Band: Abe Partridge Album Release Party
Date: Saturday, Feb. 3, 7 p.m.
Venue: Skate Mountain Records, 105 5th St. (Daphne), www.skatemountainrecords.com
Tickets: $20, available through Eventbrite
Two years ago, Lagniappe introduced its readers to the world of local singer-songwriter Abe Partridge. At the time, Partridge was promoting his debut album “White Trash Lipstick,” one that showcased a style characterized by an acoustic-driven mix of folk and country and a delivery of lyrical poetry through raw vocals filled with broken glass and razor blades.
Since then, Partridge’s musical formula has gone unchanged, but his reputation as one of the Southeast’s most unique and promising singer-songwriters continues to grow with each live performance.
Last year, Partridge signed with Mobile Bay area label Skate Mountain Records. On Friday, Jan. 26, Partridge will release his label debut, “Cotton Fields and Blood for Days,” with a release party at Skate Mountain Records’ Daphne headquarters.
When it comes to his increasing notoriety on the Southeastern music scene, Partridge humbly cites providence. However, the emotional power of Partridge’s honest and dedicated approach to his craft cannot be denied.
“I guess the most important thing is honesty and believability in your material,” Partridge said. “It doesn’t matter how good of a songwriter or a lyricist you are. If it doesn’t come across as believable, then it lies flat. I don’t like listening to stuff unless I believe, or at least, I believe that the artist believes it.”
“Cotton Fields and Blood for Days” demonstrates Partridge’s talent for mixing lyrical beauty with instrumental arrangements that are both gentle and melancholy no matter the subject. Even tunes such as “I Wish I Was a Punk Rocker” and “Our Babies Will Never Grow Up to Be Astronauts” give the impression he might provide a bit of lightheartedness for his listeners.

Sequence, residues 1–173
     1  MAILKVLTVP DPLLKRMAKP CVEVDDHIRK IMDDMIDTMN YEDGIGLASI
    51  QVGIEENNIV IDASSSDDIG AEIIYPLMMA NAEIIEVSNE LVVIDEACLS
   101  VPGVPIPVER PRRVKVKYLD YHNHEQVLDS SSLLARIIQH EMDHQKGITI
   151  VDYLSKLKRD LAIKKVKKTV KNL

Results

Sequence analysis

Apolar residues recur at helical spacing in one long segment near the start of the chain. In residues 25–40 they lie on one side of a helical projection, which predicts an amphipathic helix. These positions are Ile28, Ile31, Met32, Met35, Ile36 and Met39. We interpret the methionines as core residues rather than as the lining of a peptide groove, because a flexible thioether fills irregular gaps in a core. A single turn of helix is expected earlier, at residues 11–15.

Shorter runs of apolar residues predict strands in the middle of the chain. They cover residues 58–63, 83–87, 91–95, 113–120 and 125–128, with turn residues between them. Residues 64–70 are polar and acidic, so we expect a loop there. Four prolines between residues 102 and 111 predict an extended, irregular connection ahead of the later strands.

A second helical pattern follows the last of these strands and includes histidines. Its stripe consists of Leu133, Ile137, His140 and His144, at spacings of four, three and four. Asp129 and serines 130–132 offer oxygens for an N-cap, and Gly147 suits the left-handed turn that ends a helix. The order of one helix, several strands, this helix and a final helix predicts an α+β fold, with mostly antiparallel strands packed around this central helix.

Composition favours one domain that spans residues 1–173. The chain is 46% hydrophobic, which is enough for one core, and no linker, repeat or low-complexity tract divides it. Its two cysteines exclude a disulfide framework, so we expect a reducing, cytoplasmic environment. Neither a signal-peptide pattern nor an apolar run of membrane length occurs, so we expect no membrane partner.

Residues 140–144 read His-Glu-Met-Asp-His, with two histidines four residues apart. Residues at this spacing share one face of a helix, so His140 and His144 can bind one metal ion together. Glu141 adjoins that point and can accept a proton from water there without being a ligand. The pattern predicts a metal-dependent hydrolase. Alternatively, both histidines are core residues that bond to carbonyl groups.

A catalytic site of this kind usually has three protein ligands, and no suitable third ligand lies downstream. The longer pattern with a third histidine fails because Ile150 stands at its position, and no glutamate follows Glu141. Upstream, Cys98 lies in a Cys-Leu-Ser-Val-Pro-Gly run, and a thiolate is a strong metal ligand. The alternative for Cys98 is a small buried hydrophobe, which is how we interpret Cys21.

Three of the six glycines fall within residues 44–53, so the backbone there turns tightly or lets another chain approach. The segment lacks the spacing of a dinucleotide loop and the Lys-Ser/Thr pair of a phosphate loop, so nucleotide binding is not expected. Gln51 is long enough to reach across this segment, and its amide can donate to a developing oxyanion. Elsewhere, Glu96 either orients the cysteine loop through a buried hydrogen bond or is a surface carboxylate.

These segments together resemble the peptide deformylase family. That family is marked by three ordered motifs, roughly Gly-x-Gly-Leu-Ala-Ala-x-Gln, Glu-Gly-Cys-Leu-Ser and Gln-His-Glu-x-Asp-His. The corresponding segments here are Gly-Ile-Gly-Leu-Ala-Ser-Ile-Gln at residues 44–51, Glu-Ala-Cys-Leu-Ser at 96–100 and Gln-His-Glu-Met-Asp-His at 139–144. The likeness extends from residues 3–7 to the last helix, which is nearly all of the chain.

But even these seemingly offbeat songs preserve Partridge’s knack for weaving splendor with angst in a Southern context. This can also be witnessed through the evocative track “The Ghosts of Mobile,” from which the album takes its title. The ethereal reverberation and thought-provoking lyrics of this track use Azalea City imagery to provide Partridge’s haunting commentary on the state of the New South.
Partridge says a late-night walk after a show at The Listening Room of Mobile inspired this song.
“I walked up to the corner of St. Francis and Royal,” he said. “You look down one side of the road, and they have the big Raphael Semmes statue. If you look down the other side, you see down into places that you might not want to be at night. It became the title because it was representative of the feel of the album. It’s heavy, and it’s Southern. It fit with the songs that ended up on my album.”
Even though Partridge’s musical formula has remained intact, “Cotton Fields and Blood for Days” displays a more complex level of production than his previous releases. The personality of the tracks flourishes through the studio prowess of producer Shawn Byrne. Partridge met this Nashville-based singer-songwriter/producer at his very first performance at a songwriters contest in Gulf Shores.